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Learning like human annotators: Cyberbullying detection in lengthy social media sessions

Peiling Yi, Arkaitz Zubiaga

The Web Conference. 2023.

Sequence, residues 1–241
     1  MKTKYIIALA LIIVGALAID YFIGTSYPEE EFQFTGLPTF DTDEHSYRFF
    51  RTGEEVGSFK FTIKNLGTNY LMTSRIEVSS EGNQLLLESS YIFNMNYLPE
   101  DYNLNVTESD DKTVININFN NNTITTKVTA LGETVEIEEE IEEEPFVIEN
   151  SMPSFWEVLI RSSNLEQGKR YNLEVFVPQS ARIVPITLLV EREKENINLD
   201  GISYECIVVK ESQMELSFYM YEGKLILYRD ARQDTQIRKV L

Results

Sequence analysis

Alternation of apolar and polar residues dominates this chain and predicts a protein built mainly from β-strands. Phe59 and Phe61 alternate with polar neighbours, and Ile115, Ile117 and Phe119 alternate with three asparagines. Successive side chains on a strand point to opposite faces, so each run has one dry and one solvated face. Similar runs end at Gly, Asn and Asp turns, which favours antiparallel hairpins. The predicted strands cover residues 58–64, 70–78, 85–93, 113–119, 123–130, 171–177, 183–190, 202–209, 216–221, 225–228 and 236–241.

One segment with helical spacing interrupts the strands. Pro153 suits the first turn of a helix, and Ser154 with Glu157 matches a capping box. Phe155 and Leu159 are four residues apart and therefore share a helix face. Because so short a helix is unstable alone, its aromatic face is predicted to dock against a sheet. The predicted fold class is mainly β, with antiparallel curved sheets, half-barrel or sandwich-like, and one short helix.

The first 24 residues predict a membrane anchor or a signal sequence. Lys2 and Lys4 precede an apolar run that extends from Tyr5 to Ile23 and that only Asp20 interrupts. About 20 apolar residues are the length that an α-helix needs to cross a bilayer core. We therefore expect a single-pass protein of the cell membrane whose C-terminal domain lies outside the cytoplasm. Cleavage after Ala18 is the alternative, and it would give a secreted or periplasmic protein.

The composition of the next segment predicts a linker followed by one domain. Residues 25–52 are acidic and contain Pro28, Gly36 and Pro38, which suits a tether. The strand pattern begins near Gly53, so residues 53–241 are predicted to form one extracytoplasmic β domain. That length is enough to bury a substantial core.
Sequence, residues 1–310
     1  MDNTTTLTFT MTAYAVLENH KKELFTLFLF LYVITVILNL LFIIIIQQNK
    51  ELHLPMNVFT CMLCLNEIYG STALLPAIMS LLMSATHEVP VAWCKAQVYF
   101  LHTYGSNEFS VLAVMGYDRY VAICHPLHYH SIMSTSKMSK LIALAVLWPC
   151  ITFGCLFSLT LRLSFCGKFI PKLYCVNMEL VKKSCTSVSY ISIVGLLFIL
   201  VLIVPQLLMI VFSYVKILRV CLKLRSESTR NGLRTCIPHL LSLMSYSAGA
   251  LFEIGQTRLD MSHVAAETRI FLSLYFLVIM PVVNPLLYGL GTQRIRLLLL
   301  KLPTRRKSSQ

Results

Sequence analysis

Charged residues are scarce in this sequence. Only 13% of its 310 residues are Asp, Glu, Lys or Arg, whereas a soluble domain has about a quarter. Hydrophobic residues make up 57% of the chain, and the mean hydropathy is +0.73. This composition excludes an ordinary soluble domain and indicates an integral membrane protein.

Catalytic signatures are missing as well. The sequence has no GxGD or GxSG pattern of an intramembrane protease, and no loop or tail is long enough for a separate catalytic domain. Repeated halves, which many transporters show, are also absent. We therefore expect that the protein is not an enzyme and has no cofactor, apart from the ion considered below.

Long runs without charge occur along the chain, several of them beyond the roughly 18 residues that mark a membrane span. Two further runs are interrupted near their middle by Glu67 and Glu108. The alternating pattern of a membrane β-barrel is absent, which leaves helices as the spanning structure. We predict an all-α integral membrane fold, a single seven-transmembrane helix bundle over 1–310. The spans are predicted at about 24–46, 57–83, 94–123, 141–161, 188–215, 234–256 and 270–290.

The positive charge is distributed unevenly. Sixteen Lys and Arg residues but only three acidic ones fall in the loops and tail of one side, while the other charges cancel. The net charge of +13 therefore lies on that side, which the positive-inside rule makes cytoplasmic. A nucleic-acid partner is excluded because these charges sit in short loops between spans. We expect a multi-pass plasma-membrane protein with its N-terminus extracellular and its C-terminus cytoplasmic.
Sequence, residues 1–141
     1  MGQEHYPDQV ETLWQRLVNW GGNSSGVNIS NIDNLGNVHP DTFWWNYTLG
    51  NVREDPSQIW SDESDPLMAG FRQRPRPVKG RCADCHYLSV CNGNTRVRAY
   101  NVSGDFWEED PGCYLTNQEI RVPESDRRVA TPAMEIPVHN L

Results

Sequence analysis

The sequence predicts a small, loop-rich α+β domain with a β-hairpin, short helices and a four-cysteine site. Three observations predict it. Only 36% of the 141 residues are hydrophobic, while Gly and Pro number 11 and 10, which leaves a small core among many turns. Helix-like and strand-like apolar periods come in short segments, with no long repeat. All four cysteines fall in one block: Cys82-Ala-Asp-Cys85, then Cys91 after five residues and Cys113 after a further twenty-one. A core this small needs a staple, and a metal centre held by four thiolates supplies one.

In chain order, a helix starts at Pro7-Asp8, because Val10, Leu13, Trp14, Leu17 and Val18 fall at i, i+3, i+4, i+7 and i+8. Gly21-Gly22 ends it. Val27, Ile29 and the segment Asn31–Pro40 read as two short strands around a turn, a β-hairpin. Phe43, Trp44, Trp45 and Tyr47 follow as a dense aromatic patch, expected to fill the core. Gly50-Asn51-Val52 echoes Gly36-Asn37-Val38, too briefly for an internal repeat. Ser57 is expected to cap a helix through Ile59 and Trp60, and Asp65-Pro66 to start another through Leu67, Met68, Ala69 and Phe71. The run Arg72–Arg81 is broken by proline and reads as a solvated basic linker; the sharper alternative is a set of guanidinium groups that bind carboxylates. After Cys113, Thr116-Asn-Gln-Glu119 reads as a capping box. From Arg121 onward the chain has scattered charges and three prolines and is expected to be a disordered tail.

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The inherent characteristic of cyberbullying of being a recurrent attitude calls for the investigation of the problem by looking at social media sessions as a whole, beyond just isolated social media posts. However, the lengthy nature of social media sessions challenges the applicability and performance of session-based cyberbullying detection models. This is especially true when one aims to use state-of-the-art Transformer-based pre-trained language models, which only take inputs of a limited length. In this paper, we address this limitation of transformer models by proposing a conceptually intuitive framework called LS-CB, which enables cyberbullying detection from lengthy social media sessions. LS-CB relies on the intuition that we can effectively aggregate the predictions made by transformer models on smaller sliding windows extracted from lengthy social media sessions, leading to an overall improved performance. Our extensive experiments with six transformer models on two session-based datasets show that LS-CB consistently outperforms three types of competitive baselines including state-of-the-art cyberbullying detection models. In addition, we conduct a set of qualitative analyses to validate the hypotheses that cyberbullying incidents can be detected through aggregated analysis of smaller chunks derived from lengthy social media sessions (H1), and that cyberbullying incidents can occur at different points of the session (H2), hence positing that frequently used text truncation strategies are suboptimal compared to relying on holistic views of sessions. Our research in turn opens an avenue for fine-grained cyberbullying detection within sessions in future work.